If you’ve ever traipsed around in snow or sat for a few hours in a treestand in sub zero temperatures, you’ll probably have experienced the significant discomfort of cold feet.
Not to worry! Those days may behind you! Because if you are looking for tips on how to keep feet warm while hunting this article will sort you right out!
This article deals with four core principles that you can follow to keep your feet warm while hunting which are:
- Keep Your Core Warm: if your blood ain’t warm, your feet certainly won’t be.
- Insulate Your Feet and Legs: same principle as above because if your legs are leaching heat, your feet will not warm up.
- Keep Your Feet Dry: don’t forget your feet can get wet from within (because of sweat) as well as from without, so wick wick wick that sweat.
- Use An External Heat Source: there ain’t no shame using a heat pad.
Keep Your Core Warm to Keep Your Feet Warm
To keep your feet warm, you need to first ensure that the rest of your body is wrapped up when you are not inside your tent. If your core isn’t protected, your extremities will start to feel a shiver, too. This will lead to your feet feeling unprotected from the winter chill.
However, keeping your core warm isn’t just a case of wrapping up in warm winter clothing. It’s also about eating the right food and drinks to retain as much body heat as possible.
You should ensure that every area of your body is sufficiently wrapped up – including your feet! Starting from the top, you should wear a wool hat and scarf. Naturally, your head is the most exposed part of your body. You feel the cold mostly on your face and lose a significant amount of your body temperature above the shoulders.
In this situation, your body draws blood from elsewhere to keep your head warm. This means that your feet may suffer from reduced blood flow because of this. So, to keep your whole body warm, you need to keep your head warm.
The same goes for all other areas of your body. You need to invest in a thickly-insulated hunting jacket and gloves. We’d also recommend getting a pair of Gore-Tex hunting pants. To stay warm all over, you’ve got to cover all exposed areas of your body.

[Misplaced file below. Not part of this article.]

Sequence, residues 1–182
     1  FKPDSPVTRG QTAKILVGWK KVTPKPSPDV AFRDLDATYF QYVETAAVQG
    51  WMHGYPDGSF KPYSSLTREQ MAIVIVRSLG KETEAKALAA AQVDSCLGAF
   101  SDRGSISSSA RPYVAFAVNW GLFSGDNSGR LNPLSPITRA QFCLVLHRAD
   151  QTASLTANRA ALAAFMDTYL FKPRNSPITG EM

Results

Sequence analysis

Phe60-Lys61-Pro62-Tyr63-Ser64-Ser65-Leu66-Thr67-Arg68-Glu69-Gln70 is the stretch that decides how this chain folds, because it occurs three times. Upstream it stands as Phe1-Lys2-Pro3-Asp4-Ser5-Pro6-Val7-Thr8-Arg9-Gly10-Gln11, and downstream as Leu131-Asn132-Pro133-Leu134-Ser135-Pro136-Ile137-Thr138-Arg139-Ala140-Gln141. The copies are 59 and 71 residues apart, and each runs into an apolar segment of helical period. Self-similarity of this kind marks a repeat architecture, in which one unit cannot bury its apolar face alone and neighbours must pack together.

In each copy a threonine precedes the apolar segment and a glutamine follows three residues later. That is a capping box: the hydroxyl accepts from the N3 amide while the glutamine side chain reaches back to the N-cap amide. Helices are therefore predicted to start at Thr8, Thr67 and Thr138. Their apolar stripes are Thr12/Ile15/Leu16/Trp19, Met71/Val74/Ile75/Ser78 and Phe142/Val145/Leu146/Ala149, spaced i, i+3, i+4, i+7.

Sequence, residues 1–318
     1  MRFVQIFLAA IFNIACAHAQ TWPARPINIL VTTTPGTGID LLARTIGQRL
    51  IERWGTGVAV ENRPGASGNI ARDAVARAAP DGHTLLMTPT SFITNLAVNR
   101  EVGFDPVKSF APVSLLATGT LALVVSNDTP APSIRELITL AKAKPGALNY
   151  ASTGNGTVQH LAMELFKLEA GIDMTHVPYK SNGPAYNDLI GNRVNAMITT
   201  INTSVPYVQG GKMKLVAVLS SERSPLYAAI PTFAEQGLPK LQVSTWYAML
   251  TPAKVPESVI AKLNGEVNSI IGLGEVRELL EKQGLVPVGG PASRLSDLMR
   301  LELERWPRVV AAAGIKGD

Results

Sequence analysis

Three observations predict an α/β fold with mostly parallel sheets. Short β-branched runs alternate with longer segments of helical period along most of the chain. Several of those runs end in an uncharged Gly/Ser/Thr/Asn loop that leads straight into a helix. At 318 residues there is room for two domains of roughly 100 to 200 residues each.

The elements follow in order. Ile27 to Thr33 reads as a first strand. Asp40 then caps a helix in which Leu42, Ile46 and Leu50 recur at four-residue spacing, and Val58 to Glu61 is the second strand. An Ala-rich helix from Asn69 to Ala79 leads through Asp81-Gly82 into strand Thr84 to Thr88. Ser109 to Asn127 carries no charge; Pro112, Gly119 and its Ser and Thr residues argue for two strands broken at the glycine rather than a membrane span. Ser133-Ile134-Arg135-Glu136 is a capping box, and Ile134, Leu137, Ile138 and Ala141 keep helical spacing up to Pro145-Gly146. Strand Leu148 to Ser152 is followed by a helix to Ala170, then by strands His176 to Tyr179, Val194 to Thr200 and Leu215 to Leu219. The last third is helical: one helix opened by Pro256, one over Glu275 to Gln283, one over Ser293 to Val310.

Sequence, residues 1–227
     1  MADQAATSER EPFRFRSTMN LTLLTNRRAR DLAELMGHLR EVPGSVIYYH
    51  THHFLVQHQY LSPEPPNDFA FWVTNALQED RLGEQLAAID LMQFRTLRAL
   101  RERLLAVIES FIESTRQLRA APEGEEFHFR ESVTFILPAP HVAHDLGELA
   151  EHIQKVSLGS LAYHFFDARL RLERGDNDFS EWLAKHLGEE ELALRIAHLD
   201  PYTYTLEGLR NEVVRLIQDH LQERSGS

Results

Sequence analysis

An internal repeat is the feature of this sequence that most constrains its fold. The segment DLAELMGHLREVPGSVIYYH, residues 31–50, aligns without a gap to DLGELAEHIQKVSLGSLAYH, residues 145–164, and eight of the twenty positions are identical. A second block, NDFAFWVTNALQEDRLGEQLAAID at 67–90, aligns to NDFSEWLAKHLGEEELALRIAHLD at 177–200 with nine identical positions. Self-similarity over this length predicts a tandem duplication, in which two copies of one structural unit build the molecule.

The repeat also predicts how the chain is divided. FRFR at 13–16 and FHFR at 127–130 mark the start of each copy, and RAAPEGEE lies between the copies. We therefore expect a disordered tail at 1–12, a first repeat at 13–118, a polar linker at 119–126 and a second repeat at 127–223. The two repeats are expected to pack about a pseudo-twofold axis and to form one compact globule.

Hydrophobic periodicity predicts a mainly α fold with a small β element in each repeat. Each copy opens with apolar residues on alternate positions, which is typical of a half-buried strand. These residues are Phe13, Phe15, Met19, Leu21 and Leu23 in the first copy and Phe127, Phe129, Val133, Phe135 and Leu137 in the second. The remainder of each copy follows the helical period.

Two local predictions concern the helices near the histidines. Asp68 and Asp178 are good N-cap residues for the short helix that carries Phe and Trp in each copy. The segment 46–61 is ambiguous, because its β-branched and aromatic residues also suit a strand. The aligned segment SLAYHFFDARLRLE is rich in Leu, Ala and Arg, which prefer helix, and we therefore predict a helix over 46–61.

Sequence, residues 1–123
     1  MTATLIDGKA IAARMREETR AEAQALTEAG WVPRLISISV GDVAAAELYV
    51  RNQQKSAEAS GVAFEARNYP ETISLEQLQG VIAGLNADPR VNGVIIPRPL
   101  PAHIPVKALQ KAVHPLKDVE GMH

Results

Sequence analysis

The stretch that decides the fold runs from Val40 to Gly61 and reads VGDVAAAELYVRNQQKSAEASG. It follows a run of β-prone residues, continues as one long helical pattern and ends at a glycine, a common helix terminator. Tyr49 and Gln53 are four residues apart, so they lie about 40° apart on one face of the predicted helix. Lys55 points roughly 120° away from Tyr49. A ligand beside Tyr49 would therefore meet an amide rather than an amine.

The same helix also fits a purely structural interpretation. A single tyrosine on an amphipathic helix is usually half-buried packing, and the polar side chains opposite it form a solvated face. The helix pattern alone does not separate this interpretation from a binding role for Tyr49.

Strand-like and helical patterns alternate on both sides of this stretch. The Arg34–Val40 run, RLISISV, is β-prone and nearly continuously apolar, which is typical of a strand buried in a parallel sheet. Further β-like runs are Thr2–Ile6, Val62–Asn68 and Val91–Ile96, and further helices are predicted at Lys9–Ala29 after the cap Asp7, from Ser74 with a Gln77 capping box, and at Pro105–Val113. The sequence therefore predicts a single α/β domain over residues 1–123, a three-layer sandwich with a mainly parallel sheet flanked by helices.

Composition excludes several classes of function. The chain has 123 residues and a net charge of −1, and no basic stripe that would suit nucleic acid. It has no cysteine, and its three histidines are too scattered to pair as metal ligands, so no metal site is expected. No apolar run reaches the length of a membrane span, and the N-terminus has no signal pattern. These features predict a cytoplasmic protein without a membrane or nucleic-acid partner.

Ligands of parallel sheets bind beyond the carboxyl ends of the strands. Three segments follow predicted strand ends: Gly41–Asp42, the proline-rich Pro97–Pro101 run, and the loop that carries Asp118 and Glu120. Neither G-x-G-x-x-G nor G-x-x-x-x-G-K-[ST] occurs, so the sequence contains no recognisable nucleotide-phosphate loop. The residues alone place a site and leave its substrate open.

Food & drink
If you don’t get your hunting diet right, your core will suffer. You need to consume a nutritious meal around three hours before heading out on your hunting trip. Fatty meats and lean proteins are good options. These won’t only keep you warm but also help to sustain your energy. Ideally, your meal should contain meats, beans, nuts, eggs, and cheese.
It’s also vital to steadily snack throughout your hunting trip. For this, we’d recommend lighter and healthier snacking options. This includes trail mix and dried fruits. However, the best thing to snack on to keep warm is bananas. If you sweat throughout your hunting trip, bananas can help to restore your body fluid balance.
Another means of maintaining your fluid levels is to drink plenty of water throughout your trip. In extra cold weather, we’d recommend taking warm water. This can both hydrate and warm your body. You could also fill up a flask with hot chocolate and treat yourself to a sugary boost throughout the day.
When it comes to circulation, two things are important: ensuring your footwear promotes it and keeping the core of your body moving.
While it’s vital to wear hunting socks and insulated boots, you need to ensure they’re loose enough to promote healthy circulation. There’s a big difference between your hunting boots fitting snuggly and them fitting tightly. Make sure you can move your feet around in your boots once fastened. At the same time, ensure your boots are tight enough to stay on.
Additionally, you should ensure that your hunting boots leave enough room for your thick hunting socks. If you layer up your feet too tightly, circulation may be hampered.
You can promote healthy blood flow by exercising. Walking is the best form of exercise, as it keeps your core moving and your feet working. Sufficient upper body movement will keep your blood flow steady and your feet warm.
If you’re in a stationary position, we’d recommend taking regular exercise breaks. Wiggling your toes every couple of minutes is a subtle way to keep your feet warm and the blood flowing.
Insulate Your Feet & Lower Legs
Now you’ve got your core body retaining as much heat as possible, it’s time to turn your attention to your feet and lower legs. The best way to prevent cold feet is, of course, to wear appropriate socks and boots. However, there’s more to insulating your lower legs than you’d expect:
Your socks are arguably the most important part of your winter hunting clothing. Being the first layer of protection around your feet, you need to choose your socks wisely.